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For the week of June 21 through June 27, 2000

Council: Traffic study needed

Dark sky regulations enacted next week


By GREG STAHL
Express Staff Writer

Ketchum should undertake a study of the city’s traffic, bicycle and pedestrian amenities, the city council decided Monday night during considerations of the city’s draft comprehensive plan.

The Ketchum Planning and Zoning Commission and the city council met at 5 p.m.—an hour before the council began its regular bimonthly meeting—to discuss and validate issues in the plan.

As the council and P&Z worked through the action plans section of the comp plan, they decided to remove language specifically referring to parking, a proposed Fourth Street pedestrian mall and traffic circulation pending the completion of a comprehensive traffic and circulation study.

That could be as simple as updating a study that was completed in 1995, Mayor Guy Coles pointed out.

Councilman Maurice Charlat said he’s not sure if Ketchum can be both pedestrian and car friendly.

"Pedestrian-friendly cities are not car-friendly cities," he said. "Somewhere along the line, we have to decide how to deal with these widely disparate concepts."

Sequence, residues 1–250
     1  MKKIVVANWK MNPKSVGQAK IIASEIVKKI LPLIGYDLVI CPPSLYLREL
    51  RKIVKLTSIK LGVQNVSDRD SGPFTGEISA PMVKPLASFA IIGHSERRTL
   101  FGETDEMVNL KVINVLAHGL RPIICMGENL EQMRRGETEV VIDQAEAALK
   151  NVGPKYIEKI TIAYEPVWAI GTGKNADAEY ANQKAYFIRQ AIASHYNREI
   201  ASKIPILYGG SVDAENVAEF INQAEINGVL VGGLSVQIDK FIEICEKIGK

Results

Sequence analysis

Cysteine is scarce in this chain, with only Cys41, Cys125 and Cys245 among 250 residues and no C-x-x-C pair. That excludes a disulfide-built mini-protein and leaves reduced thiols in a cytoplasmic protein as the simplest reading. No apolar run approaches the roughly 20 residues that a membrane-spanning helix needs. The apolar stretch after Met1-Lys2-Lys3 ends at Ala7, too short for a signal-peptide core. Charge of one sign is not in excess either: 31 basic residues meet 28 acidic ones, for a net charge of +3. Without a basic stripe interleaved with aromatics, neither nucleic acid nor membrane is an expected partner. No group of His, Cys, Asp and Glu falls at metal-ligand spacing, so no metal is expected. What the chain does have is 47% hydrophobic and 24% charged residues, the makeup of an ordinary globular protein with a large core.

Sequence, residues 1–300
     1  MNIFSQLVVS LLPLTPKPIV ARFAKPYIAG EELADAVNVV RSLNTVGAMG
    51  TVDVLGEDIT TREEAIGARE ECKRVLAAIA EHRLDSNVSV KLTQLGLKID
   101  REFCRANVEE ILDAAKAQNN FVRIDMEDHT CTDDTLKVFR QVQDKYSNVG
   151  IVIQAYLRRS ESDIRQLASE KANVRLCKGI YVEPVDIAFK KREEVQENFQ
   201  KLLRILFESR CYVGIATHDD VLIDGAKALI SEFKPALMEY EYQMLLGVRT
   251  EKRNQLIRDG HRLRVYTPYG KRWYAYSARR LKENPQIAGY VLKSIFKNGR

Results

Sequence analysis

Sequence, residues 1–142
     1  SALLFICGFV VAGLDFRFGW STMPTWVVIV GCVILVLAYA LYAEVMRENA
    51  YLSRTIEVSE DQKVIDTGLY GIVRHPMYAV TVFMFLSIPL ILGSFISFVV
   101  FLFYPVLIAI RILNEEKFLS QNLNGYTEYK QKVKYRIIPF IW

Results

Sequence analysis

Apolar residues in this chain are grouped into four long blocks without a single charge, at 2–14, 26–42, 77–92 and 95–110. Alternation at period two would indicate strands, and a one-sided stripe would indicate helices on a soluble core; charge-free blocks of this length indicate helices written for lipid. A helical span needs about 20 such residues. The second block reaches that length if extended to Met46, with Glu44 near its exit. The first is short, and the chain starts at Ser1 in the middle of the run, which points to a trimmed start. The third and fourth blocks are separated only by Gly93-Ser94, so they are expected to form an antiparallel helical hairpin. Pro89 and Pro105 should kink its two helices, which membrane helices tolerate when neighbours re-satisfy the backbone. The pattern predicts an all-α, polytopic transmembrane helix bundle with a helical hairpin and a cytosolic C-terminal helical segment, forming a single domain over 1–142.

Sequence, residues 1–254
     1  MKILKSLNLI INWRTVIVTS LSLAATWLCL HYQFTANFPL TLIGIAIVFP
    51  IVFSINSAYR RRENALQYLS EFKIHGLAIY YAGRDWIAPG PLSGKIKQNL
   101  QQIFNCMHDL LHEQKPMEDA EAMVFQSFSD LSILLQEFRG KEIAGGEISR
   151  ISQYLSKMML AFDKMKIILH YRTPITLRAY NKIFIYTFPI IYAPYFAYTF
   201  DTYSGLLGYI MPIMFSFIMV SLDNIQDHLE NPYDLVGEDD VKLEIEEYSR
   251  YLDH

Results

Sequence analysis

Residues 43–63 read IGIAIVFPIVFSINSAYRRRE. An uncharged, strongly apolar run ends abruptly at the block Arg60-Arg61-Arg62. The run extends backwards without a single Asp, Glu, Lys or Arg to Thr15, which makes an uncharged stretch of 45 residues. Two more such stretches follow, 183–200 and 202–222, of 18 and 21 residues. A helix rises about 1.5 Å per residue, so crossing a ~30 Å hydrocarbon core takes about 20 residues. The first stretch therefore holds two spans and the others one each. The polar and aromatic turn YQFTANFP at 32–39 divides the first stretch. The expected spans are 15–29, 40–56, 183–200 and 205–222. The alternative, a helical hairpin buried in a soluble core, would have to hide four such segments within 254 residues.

In a prior meeting, the city council asked the P&Z to rework the plan’s parking concepts. On Monday, Commissioner Peter Gray told the council that the P&Z should base parking regulations on the completed traffic study, an idea the council supported.

The council continued its comprehensive plan hearings to its next regular meeting on July 3 at 5 p.m.

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At the beginning of the city council’s regular meeting, Dr. Stephen Pauley, one of the driving forces behind Ketchum’s dark sky ordinance, presented city council members with T-shirts stating "stars up, lights down."

"I just wanted to express my appreciation," he said. "This ordinance is considered to be the best small town lighting ordinance in America."

The ordinance will go into effect next Wednesday for commercial property owners, who must install lighting that faces down and which is shielded from sideways glare. Residential lighting won’t have to conform until a year from next Wednesday.

Ketchum city planner Tory Canfield told the council that she is working on an inventory of Ketchum properties that will not conform to the ordinance when it takes effect next week.

Council members thanked Pauley for his involvement in drafting the regulations.

"We couldn’t have done this, Dr. Pauley, without you," Councilman Randy Hall said.

Ketchum city attorney Margaret Simms said it was okay for Pauley to offer the council gifts, considering that the ordinance was already adopted.

 

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